The past weekend was one about growing older and the memory of lives together in Milwaukee theater, themes that lit up two poignant productions.
The first example – Next Act's "Three Views of the Same Object" – was a courageous and moving production about the end of our lives and how we face that time.
I followed that with "Skin Tight," the remounting of the hour-long play by Gary Henderson at Renaissance Theaterworks. Ten years ago, I saw the Renaissance production, and this time the company brought back the original cast and its original director, Laura Gordon.
This new version, running through April 27, is even richer and more nuanced than the original. It’s as if Gordon and stars Leah Dutchin and Braden Moran have lived these roles each day for the last decade and have just decided to show us how very much they have learned about life in that time.
The story is about love, but it is even more about life, the life that Tom and Elizabeth had in a New Zealand hamlet.
They bring to life the memory of their courtship, their first time, the war that interrupted their lives, the affair that almost did, the child they had who drifted so far away she seemed like a stranger, the love for the land and the loss of the farm they loved so much.
And while they revel in the vibrancy and vitality of the days of their youth, filled with sensuality and passions, they also hold each other close in order to share the disintegration and inevitable end of their lives.
At one point, while Tom is washing her hair, she asks, "Will you wash my body when I die?" He is frozen and struck mute with the very thought.
There is a turbulence to love and life, and Dutchin and Moran ride those waves with both an unyielding force and an enviable grace. Their performances drip with passion and with the kind of fears and regrets that mark all of our lives.
There is a significant amount of joyful abandon in "Skin Tight" as the young people slide willingly into their lives together. Laughs come easily. But underlying the humor is the incessant drumbeat of the tears and sorrows that wait for all of us.
Gordon steers the play into almost as much dance as drama. The choreography by Maria Gillespie and the additional fight choreography by Ryan Schabach is alive with the kind of power that commands your focus and attention.
Both Dutchin and Moran have an incredible chemistry and a kind of maturity that lets us see the places they have been and the places they are going. Their affection for each other is palpable, and they are brave enough to create some memorable moments before they move on to other matters.
Nothing about their lives has been clear or without some kind of regret.
"I thought love would be easy," Elizabeth says at one point.
She may have been talking about love, but in reality she was talking about life, from beginning until the end.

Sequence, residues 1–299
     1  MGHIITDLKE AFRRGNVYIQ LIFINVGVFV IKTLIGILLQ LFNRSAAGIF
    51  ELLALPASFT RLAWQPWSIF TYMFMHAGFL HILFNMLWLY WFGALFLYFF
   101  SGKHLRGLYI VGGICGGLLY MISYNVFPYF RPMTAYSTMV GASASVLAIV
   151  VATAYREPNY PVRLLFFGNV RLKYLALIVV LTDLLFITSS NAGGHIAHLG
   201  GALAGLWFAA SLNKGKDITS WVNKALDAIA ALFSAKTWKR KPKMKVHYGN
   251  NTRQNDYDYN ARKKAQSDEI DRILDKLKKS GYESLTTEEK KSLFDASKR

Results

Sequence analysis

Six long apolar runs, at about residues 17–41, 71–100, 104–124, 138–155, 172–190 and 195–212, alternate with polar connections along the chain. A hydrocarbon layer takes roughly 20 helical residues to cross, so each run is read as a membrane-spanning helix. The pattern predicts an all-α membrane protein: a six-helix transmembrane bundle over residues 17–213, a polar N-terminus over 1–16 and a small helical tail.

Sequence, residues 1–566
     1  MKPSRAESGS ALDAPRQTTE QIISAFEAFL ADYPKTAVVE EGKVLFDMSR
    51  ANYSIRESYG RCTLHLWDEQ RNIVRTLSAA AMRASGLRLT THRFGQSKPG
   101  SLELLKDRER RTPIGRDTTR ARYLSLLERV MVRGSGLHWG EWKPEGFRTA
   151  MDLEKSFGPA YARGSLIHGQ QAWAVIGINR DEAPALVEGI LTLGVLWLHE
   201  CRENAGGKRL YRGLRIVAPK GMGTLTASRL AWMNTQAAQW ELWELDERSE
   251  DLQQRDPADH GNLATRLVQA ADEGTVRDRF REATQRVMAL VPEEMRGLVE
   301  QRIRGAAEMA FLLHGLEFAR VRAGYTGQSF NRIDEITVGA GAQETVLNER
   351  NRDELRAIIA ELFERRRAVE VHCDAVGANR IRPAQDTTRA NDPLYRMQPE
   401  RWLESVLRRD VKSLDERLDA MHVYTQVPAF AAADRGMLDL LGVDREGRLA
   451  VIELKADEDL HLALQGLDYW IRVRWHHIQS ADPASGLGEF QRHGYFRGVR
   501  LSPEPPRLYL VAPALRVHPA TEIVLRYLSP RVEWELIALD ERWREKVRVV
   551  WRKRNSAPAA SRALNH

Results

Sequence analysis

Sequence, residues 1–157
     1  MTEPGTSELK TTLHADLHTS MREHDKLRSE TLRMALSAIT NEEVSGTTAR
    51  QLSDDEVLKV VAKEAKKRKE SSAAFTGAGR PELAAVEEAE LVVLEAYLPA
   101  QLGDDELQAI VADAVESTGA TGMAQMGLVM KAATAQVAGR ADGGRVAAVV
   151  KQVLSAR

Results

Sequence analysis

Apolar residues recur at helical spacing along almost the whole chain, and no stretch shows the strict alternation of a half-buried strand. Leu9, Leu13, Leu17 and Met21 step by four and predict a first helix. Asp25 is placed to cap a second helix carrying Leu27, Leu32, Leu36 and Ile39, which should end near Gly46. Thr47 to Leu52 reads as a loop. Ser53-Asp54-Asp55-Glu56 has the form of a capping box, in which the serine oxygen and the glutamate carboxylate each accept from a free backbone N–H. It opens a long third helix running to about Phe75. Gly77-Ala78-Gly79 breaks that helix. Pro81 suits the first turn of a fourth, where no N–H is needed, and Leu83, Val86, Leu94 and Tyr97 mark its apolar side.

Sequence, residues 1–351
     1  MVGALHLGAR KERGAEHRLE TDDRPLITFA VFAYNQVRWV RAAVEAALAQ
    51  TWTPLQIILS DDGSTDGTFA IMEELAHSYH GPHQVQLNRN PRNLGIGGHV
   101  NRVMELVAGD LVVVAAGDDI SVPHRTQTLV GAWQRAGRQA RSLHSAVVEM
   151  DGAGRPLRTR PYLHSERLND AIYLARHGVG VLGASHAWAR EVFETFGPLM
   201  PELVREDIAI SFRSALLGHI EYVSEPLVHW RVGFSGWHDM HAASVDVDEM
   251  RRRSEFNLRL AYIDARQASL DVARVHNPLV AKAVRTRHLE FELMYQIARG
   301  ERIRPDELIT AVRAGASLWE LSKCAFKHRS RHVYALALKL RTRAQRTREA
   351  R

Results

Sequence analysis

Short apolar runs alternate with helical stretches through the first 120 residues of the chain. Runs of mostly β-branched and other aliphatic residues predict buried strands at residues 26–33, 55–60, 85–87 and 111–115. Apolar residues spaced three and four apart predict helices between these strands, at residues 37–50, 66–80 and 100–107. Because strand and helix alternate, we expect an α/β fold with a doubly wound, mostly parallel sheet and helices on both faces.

No Talkbacks for this article.
Post your comment/review now
Disclaimer: Please note that Facebook comments are posted through Facebook and cannot be approved, edited or declined by OnMilwaukee.com. The opinions expressed in Facebook comments do not necessarily reflect those of OnMilwaukee.com or its staff.
Recent Articles & Blogs by Dave Begel
Published July 1, 2015
The Women's World Cup is turning out to be yet another example of why soccer is called "the beautiful game." Here are six reasons to love watching the tournament.
Published June 30, 2015
The No. 1 and No. 2 ranked teams in the world, Germany and the United States, will meet tonight for a berth in the final of the Women's World Cup. Both teams were favored to win the tournament before it started and the game feels like it should be the final.
Published June 29, 2015
Just one day after the nation was rocked to its foundation by the Supreme Court decision to honor love in all its forms the story of another love that blossomed as the world was changing came to our attention. It's the APT production of "Pride and Prejudice."
Published June 29, 2015
Pity is a coomplex thing but it's relatively easy int he world of sports. There are good guys and bad guys and we like some of them and dislike others. It's all a big pity party.
Published June 28, 2015
"The Island" is a play about the brutality and pain of apartheid in South Africa. But it is also more than that - a tale about the obligation to protest against unworthy conditions. It is a difficult and meaningful play to watch.
Published June 26, 2015
The Milwaukee Bucks, who didn't have much shooting in their arsenal last season, went for exactly that in both the NBA draft and a draft-night trade. Rashad Vaughn, a shooter from UNLV, and Greivis Vasquez, a veteran shooter from the Toronto Raptors, will join the Milwaukee Bucks.
Published June 25, 2015
Summerfest was nothing more than grass and mud in the early days, the level of excitement soon took on a massive personality. The Beach Boys played after a driving rainstorm and Orbison was a wonderful gentleman.
Published June 25, 2015
Following the Rolling Stones can be a problem for any band. But Florida Georgia Line put on its own high-energy show at the Marcus Amphitheater on the first official night of Summerfest.
Published June 24, 2015
The Milwaukee Bucks look to pick up a power forward in the NBA draft Thursday night. The two names most often mentioned are Bobby Portis from Arkansas and Kevon Looney from UCLA, but both Sam Dekker and Frank Kaminsky from Wisconsin are getting some mentions, as well.
Published June 23, 2015
Sports fans provide support for their teams, both moral and financial. I think fans deserve to be treated with respect and be given honest answers about some of the questions that face teams in trouble, like the Brewers.